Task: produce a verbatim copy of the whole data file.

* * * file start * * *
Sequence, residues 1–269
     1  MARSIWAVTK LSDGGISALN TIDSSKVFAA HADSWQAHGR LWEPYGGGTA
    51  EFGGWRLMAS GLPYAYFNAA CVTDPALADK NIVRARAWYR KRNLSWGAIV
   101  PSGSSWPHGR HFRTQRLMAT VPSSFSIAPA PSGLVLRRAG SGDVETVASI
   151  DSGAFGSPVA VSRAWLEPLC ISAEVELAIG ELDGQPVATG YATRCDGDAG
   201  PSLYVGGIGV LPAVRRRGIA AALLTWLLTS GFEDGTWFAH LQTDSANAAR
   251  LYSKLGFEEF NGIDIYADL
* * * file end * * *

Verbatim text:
Sequence, residues 1–269
     1  MARSIWAVTK LSDGGISALN TIDSSKVFAA HADSWQAHGR LWEPYGGGTA
    51  EFGGWRLMAS GLPYAYFNAA CVTDPALADK NIVRARAWYR KRNLSWGAIV
   101  PSGSSWPHGR HFRTQRLMAT VPSSFSIAPA PSGLVLRRAG SGDVETVASI
   151  DSGAFGSPVA VSRAWLEPLC ISAEVELAIG ELDGQPVATG YATRCDGDAG
   201  PSLYVGGIGV LPAVRRRGIA AALLTWLLTS GFEDGTWFAH LQTDSANAAR
   251  LYSKLGFEEF NGIDIYADL